Before visiting Thessaloniki, everyone told me how I would be thrilled with its busy vibe, full of cafes, restaurants, and quirky shops, with its people and its food - as most Greek cities promise. A quick Google Images search though didn't seem very pleasing to the eyes, yet I trusted the enthusiastic and positive feedback I received from both friends and strangers. With my backpack and camera ready, I embarked on a week-long visit to experience the renowned Thessaloniki.
From day one of exploring this big university town and with my great interest in visually seeking details that the everyday routine dismisses, I began to photograph the urban life of Thessaloniki.
The following is a collection of images I took that go beyond Thessaloniki's famous White Tower, to an observation of its urban element and how the locals experience it. Focusing on the city's textures; marble, concrete, water, and stone, this photo essay shows how to alternatively observe Thessaloniki. Through noticing how the locals interact with the cityscape, we gain a peek into its history and culture.
A street vendor walks through a back street of Thessaloniki's center, where grafitti messages decorate the walls. This quiet street held a variety of buildings; tall concrete blocks of flats (top right) to neoclassical houses (left), as a part of Thessaloniki is an amalgamation of architectural designs due to 1917's fire that destroyed two thirds of the city.
Being a seaside city, the harbor is one of the main attraction points for both visitors and locals. Large crowds walk along the sea front daily, throughout all seasons, making water a primary element in Thessaloniki. Even on damp days, like the day this shot was taken, people strolled by the port to visit the many museums near by, such as the Museum of Photography and the Cinema Museum. Eager to enjoy the sunset, I joined a few other photographers wanting to capture its reflection and the silhouettes in this big rain puddle.
A woman tries to avoid the puddles whilst heading towards the pathway to see the sunset by the harbor. The cobbly ground expresses the antiquity of the old part of town that remained untouched even after Thessaloniki's reconstruction. Historical buildings, Byzantine churches and monuments from the Ottoman empire are lavishly spread around this area, reminding the flâneur of the town's history.
I visited the Eptapyrgion, a Byzantine and Ottoman-era fortress situated on the top of the town, that acted as a view point until the 19th century when it was turned into a prison. Today it functions as museum, a gateway into its dense history where prisonners spent their days. During mid day, the sun was shooting its rays on Eptapyrgio's many corners, making this sharp shadow on old stone wall, as two workers cleaned the yard. It's certainly encouraging to see that this grand monument is being maintained as it hits a mark in Thessaloniki's identity.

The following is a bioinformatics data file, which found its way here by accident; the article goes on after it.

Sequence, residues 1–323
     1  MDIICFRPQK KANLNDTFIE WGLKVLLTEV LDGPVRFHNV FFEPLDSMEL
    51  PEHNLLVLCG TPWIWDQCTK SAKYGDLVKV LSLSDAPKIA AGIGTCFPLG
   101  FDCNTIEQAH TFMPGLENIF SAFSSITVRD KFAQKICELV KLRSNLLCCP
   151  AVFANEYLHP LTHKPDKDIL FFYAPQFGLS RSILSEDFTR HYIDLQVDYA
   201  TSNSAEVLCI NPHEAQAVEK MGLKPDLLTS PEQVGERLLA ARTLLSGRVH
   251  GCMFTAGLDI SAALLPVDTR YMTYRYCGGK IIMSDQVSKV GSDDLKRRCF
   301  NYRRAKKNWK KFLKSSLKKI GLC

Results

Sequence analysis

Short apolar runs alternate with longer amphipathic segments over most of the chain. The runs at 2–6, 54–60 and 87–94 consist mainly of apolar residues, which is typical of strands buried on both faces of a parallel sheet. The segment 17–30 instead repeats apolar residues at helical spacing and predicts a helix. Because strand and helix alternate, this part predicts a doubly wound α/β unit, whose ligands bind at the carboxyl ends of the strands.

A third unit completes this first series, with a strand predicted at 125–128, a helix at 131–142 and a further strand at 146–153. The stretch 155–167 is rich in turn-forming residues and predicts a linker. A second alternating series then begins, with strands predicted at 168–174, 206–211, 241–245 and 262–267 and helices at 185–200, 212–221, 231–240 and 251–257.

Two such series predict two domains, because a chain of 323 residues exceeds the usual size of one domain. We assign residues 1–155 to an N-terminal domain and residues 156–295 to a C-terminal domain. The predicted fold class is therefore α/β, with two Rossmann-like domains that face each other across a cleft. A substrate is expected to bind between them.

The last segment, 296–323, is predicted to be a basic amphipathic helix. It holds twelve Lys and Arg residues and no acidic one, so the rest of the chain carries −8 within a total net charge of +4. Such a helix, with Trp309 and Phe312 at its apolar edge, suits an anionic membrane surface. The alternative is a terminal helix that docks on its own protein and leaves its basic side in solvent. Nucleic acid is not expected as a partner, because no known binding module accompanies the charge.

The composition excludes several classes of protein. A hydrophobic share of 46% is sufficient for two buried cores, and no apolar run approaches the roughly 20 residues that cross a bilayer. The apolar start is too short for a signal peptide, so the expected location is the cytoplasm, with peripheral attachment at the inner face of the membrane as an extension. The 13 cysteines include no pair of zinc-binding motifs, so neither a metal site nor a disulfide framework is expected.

Compact buildings with varied architectural styles a few roads up from the old Roman theatre. The mixed urban landscape relates back to the city's reconstruction after the big fire. Thessaloniki currently holds a blend of old, modern, Roman and neoclassical architecture which can be see in every corner of the city.
Sundays are busy days for Thessaloniki as most people go out for a meal, a coffee, a walk or to catch a street performer. Of the busiest streets is the pathway on Nikis Avenue by the sea, reminding the stroller how evident the water element is there, as the pedestrian path is all along the sea front.
This street vendor (among many others that vend the same product) is selling a traditional Greek round bread, koulouri, which is the ultimate breakfast or snack on-the-go in many places in Greece. Thessaloniki is no exception. The bread is light and covered in sesame seeds and promises to be fresh.
The markets compose an important and solid factor of Thessaloniki, where many locals buy their daily goods. This food market, called Modiano, is one of the four main markets, and it sells meat, fish, dairy, and vegetables. 80 years standing, Modiano market was the hustle and bustle of the city center and today it even hosts a few taverns. When I asked this friendly fishmerman to take a photo of his stand, he also let me take a photo holding one of the fish; it was a slimy encounter.
Inside a worry beads/prayer beads shop, I found a series of handcdrafted komboloya, distinctive Greek items used during prayers or as a pass time. The shopowner welcomed me excitedly explaining the different kinds of komboloi; the prayer bead for more a spiritual significance and the worry bead, a shorter one for leisure, usually used by men.